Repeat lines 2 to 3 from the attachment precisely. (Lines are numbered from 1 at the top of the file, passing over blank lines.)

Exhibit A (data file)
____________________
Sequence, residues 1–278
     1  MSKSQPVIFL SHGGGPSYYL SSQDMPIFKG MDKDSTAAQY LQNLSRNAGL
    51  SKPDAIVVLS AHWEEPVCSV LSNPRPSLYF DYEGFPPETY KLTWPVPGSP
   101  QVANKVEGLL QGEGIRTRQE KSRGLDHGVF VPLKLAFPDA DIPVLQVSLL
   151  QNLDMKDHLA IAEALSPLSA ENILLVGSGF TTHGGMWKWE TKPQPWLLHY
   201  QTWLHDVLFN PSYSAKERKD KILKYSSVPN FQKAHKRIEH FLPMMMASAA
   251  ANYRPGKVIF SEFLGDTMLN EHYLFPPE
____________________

     1  MSKSQPVIFL SHGGGPSYYL SSQDMPIFKG MDKDSTAAQY LQNLSRNAGL
    51  SKPDAIVVLS AHWEEPVCSV LSNPRPSLYF DYEGFPPETY KLTWPVPGSP